Poetry Explorer- Classic Contemporary Poetry, BEAUTY OF NATURE, by HENRY ALFORD

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BEAUTY OF NATURE, by             Poet's Biography
First Line: Oft have I listen'd to a voice that spake
Last Line: Like guardian spirits watch the slumbering earth?
Subject(s): Nature

OFT have I listen'd to a voice that spake
Of cold and dull realities of life.
Deem we not thus of life: for we may fetch
Light from a hidden glory, which shall clothe
The meanest thing that is with hues of heaven
If thence we draw not glory, all our light
Is but a taper in a chamber'd cave,
That giveth presence to new gulfs of dark.
Our light should be the broad and open day;
And as we lose its shining, we shall look
Still on the bright and daylight face of things.
Is it for nothing that the mighty sun
Rises each morning from the Eastern plain
Over the meadows fresh with hoary dew?
Is it for nothing that the shadowy trees
On yonder hill-top, in the summer night
Stand darkly out before the golden moon?
Is it for nothing that the autumn boughs
Hang thick with mellow fruit, what time the swain
Presses the luscious juice, and joyful shouts
Rise in the purple twilight, gladdening him
Who labour'd late, and homeward wends his way
Over the ridgy grounds, and through the mead,
Where the mist broods along the fringed stream?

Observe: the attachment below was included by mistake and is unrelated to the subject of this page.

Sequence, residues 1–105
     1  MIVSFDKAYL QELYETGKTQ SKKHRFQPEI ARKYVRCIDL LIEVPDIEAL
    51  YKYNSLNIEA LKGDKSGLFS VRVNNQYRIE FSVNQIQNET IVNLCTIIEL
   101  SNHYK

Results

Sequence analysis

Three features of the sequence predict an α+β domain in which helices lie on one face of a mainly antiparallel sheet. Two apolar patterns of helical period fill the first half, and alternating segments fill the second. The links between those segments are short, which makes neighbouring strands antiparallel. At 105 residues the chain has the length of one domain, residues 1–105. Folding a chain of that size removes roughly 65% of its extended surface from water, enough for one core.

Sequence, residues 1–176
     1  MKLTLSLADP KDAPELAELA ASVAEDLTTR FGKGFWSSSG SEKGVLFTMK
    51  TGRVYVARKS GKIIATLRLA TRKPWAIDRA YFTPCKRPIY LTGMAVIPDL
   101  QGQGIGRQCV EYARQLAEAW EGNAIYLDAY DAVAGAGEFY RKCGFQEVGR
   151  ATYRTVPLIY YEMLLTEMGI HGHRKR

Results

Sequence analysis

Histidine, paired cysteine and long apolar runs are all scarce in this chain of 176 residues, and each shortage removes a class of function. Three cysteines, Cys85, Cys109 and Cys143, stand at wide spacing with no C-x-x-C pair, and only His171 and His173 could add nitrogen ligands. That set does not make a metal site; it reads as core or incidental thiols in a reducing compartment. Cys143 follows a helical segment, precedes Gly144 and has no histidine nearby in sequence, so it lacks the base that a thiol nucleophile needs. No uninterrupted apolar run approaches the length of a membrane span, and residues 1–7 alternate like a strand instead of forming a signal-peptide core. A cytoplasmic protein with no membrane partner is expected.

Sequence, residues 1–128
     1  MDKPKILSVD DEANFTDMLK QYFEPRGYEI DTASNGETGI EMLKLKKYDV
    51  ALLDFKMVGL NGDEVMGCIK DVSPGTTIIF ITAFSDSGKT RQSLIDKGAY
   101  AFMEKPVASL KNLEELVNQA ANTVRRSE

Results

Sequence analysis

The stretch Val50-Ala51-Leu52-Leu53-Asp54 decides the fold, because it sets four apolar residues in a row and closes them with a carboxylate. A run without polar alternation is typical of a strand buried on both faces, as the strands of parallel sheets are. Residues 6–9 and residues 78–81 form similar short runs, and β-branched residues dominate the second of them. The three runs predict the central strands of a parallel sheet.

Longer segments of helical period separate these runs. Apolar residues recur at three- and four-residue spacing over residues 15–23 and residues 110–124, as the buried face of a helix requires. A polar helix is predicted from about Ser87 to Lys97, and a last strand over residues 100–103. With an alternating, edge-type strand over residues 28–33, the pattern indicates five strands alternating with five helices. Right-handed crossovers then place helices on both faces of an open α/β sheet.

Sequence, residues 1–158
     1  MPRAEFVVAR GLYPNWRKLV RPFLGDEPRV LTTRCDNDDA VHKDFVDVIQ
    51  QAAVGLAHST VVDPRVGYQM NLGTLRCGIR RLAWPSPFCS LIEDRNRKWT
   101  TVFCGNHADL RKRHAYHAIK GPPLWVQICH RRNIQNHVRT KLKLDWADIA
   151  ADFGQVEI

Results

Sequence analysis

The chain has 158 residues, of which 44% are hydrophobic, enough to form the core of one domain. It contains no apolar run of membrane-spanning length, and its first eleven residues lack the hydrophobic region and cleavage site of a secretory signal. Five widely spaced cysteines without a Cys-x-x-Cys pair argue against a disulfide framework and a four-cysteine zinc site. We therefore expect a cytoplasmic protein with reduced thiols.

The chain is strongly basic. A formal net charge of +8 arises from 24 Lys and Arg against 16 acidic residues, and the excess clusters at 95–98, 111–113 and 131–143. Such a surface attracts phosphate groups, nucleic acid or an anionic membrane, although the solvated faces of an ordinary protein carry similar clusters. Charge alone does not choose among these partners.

Far in the Western sea dim islands float,
And lines of mountain coast receive the sun
As he sinks downward to his resting-place,
Minister'd to by bright and crimson clouds --
Is it for nothing that some artist hand
Hath wrought together things so beautiful?
Noon follows morn, the quiet breezeless noon:
And pleasant even, season of sweet sounds
And peaceful sights -- and then the wondrous bird
That warbles like an angel, full of love,
From copse and hedgerow side pouring abroad
Her tide of song into the listening night.
Beautiful is the last gleam of the sun
Slanted through twining branches: beautiful
The birth of the faint stars -- first clear and pale
The steady-lustred Hesper, like a gem
On the flush'd bosom of the West; and then
Some princely fountain of unborrow'd light,
Arcturus, or the Dogstar, or the seven
That circle without setting round the pole.
Is it for nothing at the midnight hour,
That solemn silence sways the hemisphere,
And ye must listen long before ye hear
The cry of beasts, or fall of distant stream,
Or breeze among the tree-tops -- while the stars
Like guardian spirits watch the slumbering earth?

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